Hello all, I am currently beginning the rise of the Runelords AP with a group with whom I have played for a long time now, and my intuition tells me that as soon as the first goblin attack is done they will run off immediately into the wilds trying to track the goblins back to where they came from.
While this is not world breaking, I am guessing it can disrupt the flow of the initial part of the Burnt Offerings, which in my opinion is very rich in what comes to establishing connections and relations in town, and also a mood where you grow to care about the people in that place.
Have any of you experienced this situation before, and have any hints on how to address it? I mean I can just say that they find no tracks but...
Speed up Sheriff Hemlock's departure for Magnimar, so they're stuck in town guarding it until he returns.
If they try to leave, have concerned citizens (Father Zantus included) tell them that they're the only thing between Sandpoint and another goblin attack.
Have Shalelu scold them and send them back.
This messes things up a bit (how are they supposed to go on a boar hunt with Aldern Foxglove if they're not allowed to leave town?), but if you're sure they're going to ignore everything anyway and run off, you rescue everything except the boar hunt.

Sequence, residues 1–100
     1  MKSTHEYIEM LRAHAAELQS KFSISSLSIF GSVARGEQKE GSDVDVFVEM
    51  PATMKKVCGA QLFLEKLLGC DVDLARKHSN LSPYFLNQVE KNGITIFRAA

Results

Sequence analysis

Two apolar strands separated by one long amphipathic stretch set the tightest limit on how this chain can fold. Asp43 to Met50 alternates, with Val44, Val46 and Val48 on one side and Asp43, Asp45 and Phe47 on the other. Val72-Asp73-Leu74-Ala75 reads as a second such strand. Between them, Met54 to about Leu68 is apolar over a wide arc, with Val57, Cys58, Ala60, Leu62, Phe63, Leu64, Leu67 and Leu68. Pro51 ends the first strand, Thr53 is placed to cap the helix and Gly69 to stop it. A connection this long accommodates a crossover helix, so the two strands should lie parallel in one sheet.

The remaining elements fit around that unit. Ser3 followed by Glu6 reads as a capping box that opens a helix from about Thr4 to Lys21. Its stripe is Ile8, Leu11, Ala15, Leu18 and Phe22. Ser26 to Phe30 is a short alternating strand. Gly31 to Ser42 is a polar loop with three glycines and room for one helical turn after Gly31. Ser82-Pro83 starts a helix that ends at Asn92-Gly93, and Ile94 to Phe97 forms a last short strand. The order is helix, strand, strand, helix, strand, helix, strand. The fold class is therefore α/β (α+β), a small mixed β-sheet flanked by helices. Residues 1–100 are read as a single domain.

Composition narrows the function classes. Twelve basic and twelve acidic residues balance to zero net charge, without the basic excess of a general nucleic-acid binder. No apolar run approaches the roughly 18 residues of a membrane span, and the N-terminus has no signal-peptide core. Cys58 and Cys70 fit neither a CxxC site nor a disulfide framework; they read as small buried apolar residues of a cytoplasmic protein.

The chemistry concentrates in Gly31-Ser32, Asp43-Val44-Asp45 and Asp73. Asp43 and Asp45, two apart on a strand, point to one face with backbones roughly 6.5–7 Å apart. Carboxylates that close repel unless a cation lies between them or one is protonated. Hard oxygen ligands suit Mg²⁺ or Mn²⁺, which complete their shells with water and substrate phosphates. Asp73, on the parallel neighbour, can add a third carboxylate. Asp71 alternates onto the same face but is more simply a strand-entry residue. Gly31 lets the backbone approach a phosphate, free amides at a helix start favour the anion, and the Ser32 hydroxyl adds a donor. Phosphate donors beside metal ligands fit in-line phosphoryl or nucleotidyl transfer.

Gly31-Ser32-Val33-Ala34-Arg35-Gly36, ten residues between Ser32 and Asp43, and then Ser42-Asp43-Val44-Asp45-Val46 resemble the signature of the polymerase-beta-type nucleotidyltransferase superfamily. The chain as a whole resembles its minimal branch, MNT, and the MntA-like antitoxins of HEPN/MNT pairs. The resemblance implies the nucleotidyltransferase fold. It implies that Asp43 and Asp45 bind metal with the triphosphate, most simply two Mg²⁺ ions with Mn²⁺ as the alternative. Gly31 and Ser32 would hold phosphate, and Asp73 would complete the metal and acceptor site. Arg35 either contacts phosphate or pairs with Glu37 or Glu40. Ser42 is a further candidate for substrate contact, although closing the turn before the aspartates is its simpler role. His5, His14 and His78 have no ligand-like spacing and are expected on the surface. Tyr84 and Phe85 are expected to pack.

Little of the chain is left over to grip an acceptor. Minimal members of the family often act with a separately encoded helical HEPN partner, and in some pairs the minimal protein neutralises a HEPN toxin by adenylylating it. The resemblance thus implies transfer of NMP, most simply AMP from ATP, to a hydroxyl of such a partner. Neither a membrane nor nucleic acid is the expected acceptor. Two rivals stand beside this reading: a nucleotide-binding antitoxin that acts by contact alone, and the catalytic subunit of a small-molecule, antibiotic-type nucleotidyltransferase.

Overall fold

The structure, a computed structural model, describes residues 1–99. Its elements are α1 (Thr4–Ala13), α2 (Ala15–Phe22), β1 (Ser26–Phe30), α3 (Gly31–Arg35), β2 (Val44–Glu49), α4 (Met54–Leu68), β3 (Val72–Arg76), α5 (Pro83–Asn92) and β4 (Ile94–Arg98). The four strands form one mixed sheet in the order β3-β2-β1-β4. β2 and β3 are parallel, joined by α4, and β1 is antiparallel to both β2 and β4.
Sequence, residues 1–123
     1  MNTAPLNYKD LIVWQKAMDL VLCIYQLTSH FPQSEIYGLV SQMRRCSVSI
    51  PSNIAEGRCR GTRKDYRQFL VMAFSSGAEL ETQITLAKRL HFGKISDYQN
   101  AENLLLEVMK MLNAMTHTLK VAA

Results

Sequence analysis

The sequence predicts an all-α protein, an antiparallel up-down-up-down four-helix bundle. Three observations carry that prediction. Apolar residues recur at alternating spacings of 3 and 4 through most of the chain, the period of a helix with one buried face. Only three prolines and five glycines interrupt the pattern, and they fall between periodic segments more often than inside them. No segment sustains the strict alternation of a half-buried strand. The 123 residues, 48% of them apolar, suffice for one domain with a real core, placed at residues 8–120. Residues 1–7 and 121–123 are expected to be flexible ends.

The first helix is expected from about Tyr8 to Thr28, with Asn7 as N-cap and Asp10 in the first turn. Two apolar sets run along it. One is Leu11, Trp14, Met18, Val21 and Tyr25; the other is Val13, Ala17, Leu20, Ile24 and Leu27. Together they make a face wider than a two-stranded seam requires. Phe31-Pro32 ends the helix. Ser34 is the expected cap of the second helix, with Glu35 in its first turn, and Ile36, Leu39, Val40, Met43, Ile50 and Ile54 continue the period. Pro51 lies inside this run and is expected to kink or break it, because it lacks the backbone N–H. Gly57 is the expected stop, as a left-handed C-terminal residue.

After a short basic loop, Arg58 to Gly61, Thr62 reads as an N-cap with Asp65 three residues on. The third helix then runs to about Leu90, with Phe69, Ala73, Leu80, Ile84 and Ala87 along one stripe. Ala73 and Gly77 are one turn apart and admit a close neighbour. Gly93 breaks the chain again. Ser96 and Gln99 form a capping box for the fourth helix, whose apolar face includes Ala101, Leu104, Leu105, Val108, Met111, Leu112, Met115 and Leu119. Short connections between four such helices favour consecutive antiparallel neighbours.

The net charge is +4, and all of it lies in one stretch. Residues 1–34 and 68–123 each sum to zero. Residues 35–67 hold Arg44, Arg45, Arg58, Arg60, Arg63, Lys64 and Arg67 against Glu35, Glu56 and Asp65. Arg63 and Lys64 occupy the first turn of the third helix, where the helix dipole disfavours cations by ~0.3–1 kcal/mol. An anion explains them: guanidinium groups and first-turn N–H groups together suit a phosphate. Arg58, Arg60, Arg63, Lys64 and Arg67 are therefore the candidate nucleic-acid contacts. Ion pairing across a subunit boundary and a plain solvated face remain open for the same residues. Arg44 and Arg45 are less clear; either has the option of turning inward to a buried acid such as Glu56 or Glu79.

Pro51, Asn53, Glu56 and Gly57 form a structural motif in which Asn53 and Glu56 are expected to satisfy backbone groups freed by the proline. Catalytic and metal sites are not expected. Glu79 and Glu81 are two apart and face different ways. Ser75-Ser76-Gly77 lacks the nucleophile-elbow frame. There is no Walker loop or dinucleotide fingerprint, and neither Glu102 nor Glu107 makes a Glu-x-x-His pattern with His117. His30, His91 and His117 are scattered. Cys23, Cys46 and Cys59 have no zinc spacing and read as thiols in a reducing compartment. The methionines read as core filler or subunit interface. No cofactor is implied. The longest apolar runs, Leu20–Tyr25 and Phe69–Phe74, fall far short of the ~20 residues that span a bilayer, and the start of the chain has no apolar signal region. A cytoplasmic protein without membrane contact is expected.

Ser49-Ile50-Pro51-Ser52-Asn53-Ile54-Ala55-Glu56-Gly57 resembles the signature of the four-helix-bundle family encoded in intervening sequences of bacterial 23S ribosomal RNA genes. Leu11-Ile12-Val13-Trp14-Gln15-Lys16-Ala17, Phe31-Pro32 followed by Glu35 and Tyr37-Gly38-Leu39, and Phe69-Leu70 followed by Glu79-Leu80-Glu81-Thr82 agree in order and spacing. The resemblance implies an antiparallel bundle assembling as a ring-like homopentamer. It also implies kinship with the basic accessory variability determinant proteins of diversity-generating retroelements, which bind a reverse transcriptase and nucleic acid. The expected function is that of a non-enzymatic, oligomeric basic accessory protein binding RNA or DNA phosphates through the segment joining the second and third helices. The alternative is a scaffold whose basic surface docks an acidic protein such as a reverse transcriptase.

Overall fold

Once Hemlock returns, let 'em gallavant off.
I'd make things eerily quiet in the typical goblin domains. They gather some information say, and ride off towards a noteable goblin haunt only to find that there's no goblins there. It appears as though the goblins packed up their filthy, meager belongings and left, leaving only their huts behind. Provide an encounter with an unrelated beastie if you'd like to give them some combat once they get out there.
When they come back to town to rethink things you can start hitting them with encounters, the goblin in the closet, Vinder's daughter, Aldern approaches them about the hunt, etc. I'd have Shalelu show up shortly there after confirming what they found out that the goblins are acting odd and the five tribes seem to be working together.
Letting them ride out provides an opportunity for even more foreshadowing that things are really amiss.
Have an adorable child meet them at the gates, grab the cloak of one of your players and say in the sweetest voice:"... But m-m-m-m-mister... Who's gonna save us if you are g-g-g-gone?"
Hahaha, that's evil.
I would go with what NobodysHome said. Just keep in mind the reason a lot of people like to play game's like Pathfinder is because of the freedom it offers. If you try to railroad the players down a very specific path and they can tell that's what your doing, they may loose some of their interest. But let the consequences be real, meaning the story goes on with or without the PC's. They will feel like they are missing out and head to where the story is taking place.
As others have said, there are things you can do to keep them around. After the attack, they are pretty worn so it's not likely they'll go out that night. If they are chomping at the bit to leave right then, hit them with the graveyard discovery and make sure they see the "human" footprints. That might help them keep their minds in town as there might be a local element to uncover. They could also get ambushed by Foxglove and dragged on the hunt (his annoying personality won't accept no for an answer). The Barrett family situation could also interrupt their departure from town. By that time, Balor would need to leave town. Hopefully you can drag it out a few days.